Philip Johnston: Ecommerce markets in central and Eastern Europe Middle Eastern Africa are Poland turkey saudi ue and we’ve now expanded we have officers in Warsaw istanbul riad and Dubai um, and so yeah, it’s it’s but it’s a function of we don’t want to do western europe like Germany France u k because there’s. 50000000 ecommerce aggregators trying to do the same thing. Um, our edge is to have an extremely strong operational ground game in each of the countries that we operate in and that’s what makes it difficult for competitors to come in because they haven’t built the operational infrastructure to be able to plug their brands in here. Um.
Alejandro: And in terms of the of the culture right? when you’re like buying all these different companies I mean obviously you want to have maybe the founder you know to stick around or the key employees to to help with integration I Guess how do you go about the culture so that you’re able to.
Philip Johnston: So that’s that’s really a name and gamer.
Philip Johnston: Yeah, so far that hasn’t been an issue because all of the brands we’ve bought have just been 1 founder or maybe 2 founders and they leave you know they’re looking for an exit so they’re looking to maybe create a new brand or do something else.
Alejandro: Not have like a spaghetti mix of a culture.
Philip Johnston: And so when we take over the brand. You know they stay as ah as a consultant for a couple of months um and they help us with the integration. But after that we’re running the brand fully from end to end. So so far we haven’t had to do that deal with that as we grow. Um, that. Will definitely be something to consider is how we do this cultural integration because we may buy brands that for example, have 10 employees and then we would need to integrate them culturally as well.
Alejandro: And in terms of size I mean anything that you can share with us. You know number of employees or anything to give the folks that are listening. You know a scope of of the operation of apontia.
Philip Johnston: Yep, so we started just over a year ago when now as I mentioned in the 4 countries. We’ve got 80 employees we brought. We’ve brought 8 brands 3 of which were last month to which coming next month um add 2 more will come next month um and yeah it’s just about buying and scaling as fast as possible now.
Alejandro: And in terms of the of the future and and you know when you when you grow and you scale I mean it’s It’s all about having a proper vision in place. So let’s say if you were to go to sleep tonight and and you wake up in a world where the vision of Apon has fully realized what does that world look like.
Philip Johnston: That world looks like a ah house of of brands that people in our regions. Love and so we are massively heavily focused on the whole you know on the the focus on the customer part of this story so we invest heavily. Um in customer service teams. We have ah extremely strong product development and brand management teams who are really trying to you know they go through every review and find out what the people not like about this product. How can we change it for the better. Um, and so and then you know just to have as broader impacts as we can within our regions. So. We’re we’re looking to expand within the not too distant future to the rest of eastern europe so particularly Romania czech republic maybe to the nordics starting with Sweden Denmark also then in our regions Pakistan Egypt Nigeria and then South Africa and Kenya would be the next markets. But it’s really about the focus on the customers. Interaction with apontier brands. We’re trying to create like kind of pontier standard which really elevates ecommerce in in the Middle East and and ah in Europe.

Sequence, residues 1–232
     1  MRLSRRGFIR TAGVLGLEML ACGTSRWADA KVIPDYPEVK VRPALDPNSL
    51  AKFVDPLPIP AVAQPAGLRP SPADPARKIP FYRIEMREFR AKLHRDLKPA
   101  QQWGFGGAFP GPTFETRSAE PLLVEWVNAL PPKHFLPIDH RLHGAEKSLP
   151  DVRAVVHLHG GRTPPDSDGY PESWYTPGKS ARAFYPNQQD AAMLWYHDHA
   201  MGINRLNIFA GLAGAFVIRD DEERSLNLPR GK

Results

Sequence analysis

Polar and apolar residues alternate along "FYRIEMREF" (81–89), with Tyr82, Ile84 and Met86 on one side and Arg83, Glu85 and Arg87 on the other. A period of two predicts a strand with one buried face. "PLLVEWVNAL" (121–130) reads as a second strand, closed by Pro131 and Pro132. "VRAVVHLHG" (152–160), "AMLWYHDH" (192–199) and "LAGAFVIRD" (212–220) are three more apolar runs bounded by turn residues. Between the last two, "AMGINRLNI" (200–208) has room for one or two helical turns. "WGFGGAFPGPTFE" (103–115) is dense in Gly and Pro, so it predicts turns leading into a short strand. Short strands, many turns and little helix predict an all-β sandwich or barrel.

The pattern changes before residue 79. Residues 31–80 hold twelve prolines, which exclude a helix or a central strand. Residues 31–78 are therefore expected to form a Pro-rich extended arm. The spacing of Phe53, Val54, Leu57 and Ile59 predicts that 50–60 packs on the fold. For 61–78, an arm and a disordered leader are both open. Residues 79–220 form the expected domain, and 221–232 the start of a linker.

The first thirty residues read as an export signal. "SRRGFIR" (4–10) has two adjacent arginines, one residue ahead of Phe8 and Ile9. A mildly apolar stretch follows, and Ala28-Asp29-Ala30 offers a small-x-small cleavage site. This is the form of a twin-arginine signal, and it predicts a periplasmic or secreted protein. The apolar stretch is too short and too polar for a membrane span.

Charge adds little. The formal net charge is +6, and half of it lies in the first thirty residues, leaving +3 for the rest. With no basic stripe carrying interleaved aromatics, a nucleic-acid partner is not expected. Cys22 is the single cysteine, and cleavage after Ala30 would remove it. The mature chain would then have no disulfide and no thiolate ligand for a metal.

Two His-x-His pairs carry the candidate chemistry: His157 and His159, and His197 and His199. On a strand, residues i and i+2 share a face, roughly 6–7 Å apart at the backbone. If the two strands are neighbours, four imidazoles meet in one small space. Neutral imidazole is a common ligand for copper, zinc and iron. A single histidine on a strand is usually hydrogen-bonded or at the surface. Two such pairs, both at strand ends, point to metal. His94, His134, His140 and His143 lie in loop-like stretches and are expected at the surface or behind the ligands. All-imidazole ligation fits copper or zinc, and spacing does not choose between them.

Alejandro: And when you’re dealing with them with not so developed countries right? like like you were mentioning there in Africa what are the typical challenges that that you encounter as part of the operations.
Philip Johnston: Yeah I mean ah a big challenge in any developing economy is last mile delivery and payments with last mile delivery. So it’s it’s a ton of cash from delivery and no address in most places so you’re really. You know there’s there’s innovative solutions like what 3 words and a few others and but though I say those are the 2 common challenges across most developing countries is last month delivery and payment on delivery.
Alejandro: And and you were alluding to really being able to listen to the customer be able to see what’s what’s what’s working. What’s not working I think any in this case, what really comes to mind is there’s 1 word that keeps popping up for me out of the conversation that is listening.
Philip Johnston: Ah.
Alejandro: How how important you know? would you say listening is you know whether you apply to customers to investors or to also employees and.